Common to virtually all neurodegenerative diseases and brain disorders are changes in a glial cell type called an astrocyte, which become ?reactive?. Astrocytes ordinarily provide critical support for neurons and only turn into reactive astrocytes (RAs) following injury or development of disease. A longstanding issue which has remained unknown is whether RAs contribute to, or help alleviate, disease progres- sion. Our long-term goal is to increase understanding of the molecular and cellular underpinnings of diseases and disorders of the nervous system through increased understanding of the role of reactive astrocytes. The objective of this proposal is to deliver a new strategy to selectively alter (eliminate, in- crease, or decrease) the function of only RAs at any point in the progression of nervous system disor- ders. One such disorder for which new treatments are needed is epilepsy. Despite being the third most common neurological disorder in the U.S. after Alzheimer?s disease and stroke, epilepsy is among the least understood of the major chronic medical conditions.
Two aims are proposed, with the goal of characterizing this new strategy and providing proof-of-principle for using the approach for the selective manipulation of RAs in disease:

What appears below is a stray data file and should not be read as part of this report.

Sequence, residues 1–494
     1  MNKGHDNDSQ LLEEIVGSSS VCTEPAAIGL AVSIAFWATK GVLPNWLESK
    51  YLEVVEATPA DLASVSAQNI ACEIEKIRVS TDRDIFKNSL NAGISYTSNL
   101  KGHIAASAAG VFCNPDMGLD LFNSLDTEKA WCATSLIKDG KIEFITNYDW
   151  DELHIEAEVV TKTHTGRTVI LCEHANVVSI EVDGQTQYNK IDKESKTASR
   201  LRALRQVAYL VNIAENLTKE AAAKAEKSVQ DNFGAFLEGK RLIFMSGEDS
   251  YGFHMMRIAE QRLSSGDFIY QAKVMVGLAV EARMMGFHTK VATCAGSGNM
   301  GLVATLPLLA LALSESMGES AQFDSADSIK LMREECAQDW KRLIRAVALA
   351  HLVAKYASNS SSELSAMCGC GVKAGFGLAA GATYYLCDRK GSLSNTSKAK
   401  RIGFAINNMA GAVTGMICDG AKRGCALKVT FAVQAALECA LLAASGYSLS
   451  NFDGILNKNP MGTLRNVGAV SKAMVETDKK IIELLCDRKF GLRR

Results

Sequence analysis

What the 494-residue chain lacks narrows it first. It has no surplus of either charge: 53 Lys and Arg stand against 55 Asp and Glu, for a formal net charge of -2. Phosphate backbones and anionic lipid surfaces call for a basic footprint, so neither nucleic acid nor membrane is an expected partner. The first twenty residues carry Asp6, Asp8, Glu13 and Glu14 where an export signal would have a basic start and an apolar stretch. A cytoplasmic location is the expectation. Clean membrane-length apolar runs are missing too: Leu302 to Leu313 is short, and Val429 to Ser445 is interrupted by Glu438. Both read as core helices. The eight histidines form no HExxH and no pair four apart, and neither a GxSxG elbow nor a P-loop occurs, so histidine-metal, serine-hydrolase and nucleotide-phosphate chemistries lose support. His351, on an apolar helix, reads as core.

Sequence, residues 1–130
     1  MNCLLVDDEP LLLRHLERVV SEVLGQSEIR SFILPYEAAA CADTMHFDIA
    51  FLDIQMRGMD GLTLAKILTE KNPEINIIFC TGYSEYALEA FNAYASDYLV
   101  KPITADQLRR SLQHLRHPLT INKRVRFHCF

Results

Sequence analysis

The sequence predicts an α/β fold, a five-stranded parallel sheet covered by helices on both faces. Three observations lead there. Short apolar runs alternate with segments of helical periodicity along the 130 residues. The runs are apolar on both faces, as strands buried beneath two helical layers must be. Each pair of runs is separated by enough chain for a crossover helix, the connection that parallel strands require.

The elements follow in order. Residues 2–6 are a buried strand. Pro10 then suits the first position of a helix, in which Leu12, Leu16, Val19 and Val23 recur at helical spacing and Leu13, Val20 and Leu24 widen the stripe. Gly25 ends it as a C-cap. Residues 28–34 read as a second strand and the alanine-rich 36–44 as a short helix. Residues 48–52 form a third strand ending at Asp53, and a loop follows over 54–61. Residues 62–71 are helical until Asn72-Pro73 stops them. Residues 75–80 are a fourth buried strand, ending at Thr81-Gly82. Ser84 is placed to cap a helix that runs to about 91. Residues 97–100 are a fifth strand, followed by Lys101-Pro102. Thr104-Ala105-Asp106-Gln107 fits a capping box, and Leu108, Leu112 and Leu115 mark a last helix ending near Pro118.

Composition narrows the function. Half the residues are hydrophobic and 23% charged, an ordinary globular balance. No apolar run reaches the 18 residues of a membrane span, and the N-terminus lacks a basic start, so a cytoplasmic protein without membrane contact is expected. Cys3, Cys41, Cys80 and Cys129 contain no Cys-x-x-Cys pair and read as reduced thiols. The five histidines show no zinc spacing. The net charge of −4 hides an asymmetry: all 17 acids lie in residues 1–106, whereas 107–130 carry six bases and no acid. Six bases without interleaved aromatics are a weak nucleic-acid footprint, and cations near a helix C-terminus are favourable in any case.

In Aim 1, we will first characterize a novel reactive astrocyte inducible Cre transgenic strategy to selectively manipulate RAs in brain disease.
In Aim 2, we will then use the new approach to either selectively eliminate RAs or reprogram them back into non-reactive astrocytes at various stages during the development of epilepsy. Our work will provide new knowledge on the pro- tective vs. detrimental roles of reactive astrocytes in the development of epilepsy. The rationale for the proposed research is that new insight into the role of reactive cell types in disease is an important goal for the development of more efficacious treatments. We anticipate that this research will be transforma- tive, as we will introduce to the research community a powerful new strategy to investigate the role of reactive astrocytes in any disease or disorder of the nervous system.
The proposed research is relevant to public health, because it will lead to the generation of new knowledge on the detrimental vs. beneficial role of reactive astrocytes in the pathogenesis of numerous neurological disorders and diseases including cerebral edema, stroke, ischemia, epilepsy, Parkinson?s disease, and Alzheimer?s disease. The project is relevant to NIH?s mission, as the research pursues fundamental knowledge of molecular mechanisms of disease progression, which may provide a foundation for the development of novel and more effective strategies to treat neurological disorders by selective manipulation of reactive astrocytes.